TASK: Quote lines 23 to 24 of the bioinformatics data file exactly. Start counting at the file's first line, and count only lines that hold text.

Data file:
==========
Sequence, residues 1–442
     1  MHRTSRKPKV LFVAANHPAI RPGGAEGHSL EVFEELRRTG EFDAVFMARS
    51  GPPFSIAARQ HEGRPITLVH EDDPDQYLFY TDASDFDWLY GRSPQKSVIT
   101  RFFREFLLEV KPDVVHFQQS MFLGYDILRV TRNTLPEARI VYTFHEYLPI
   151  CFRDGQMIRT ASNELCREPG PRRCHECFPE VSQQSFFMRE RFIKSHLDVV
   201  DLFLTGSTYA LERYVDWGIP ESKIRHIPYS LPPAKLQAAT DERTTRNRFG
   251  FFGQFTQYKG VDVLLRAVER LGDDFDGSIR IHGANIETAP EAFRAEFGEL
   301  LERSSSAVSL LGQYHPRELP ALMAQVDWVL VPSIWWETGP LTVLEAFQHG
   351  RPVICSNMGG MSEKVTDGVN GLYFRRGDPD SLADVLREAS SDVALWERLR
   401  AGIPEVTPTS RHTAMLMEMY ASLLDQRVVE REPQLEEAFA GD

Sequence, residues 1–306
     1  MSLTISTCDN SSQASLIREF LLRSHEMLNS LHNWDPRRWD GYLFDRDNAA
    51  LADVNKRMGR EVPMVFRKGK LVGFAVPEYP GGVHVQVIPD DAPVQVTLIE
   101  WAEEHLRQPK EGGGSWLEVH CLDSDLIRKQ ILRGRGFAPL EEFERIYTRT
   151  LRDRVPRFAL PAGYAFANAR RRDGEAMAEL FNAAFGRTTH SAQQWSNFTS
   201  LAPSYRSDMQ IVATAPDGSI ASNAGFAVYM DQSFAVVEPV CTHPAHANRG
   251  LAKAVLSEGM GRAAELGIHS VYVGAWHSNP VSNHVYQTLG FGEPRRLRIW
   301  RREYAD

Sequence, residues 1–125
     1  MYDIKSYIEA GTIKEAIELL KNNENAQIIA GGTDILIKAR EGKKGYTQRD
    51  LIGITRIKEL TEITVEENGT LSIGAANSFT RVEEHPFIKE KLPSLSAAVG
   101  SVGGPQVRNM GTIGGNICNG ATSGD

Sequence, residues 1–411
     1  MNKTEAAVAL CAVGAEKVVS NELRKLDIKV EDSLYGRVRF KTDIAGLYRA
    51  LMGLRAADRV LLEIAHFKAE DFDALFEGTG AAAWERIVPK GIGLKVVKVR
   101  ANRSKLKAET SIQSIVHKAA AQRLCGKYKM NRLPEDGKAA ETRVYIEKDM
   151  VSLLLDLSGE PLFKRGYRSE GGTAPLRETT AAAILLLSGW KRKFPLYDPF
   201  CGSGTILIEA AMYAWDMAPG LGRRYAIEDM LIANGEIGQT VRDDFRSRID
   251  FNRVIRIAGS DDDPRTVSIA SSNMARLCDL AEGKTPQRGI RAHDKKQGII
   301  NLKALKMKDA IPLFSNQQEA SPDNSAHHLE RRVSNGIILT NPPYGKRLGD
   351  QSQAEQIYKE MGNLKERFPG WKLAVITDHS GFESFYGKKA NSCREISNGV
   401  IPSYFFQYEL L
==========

Sequence, residues 1–411
     1  MNKTEAAVAL CAVGAEKVVS NELRKLDIKV EDSLYGRVRF KTDIAGLYRA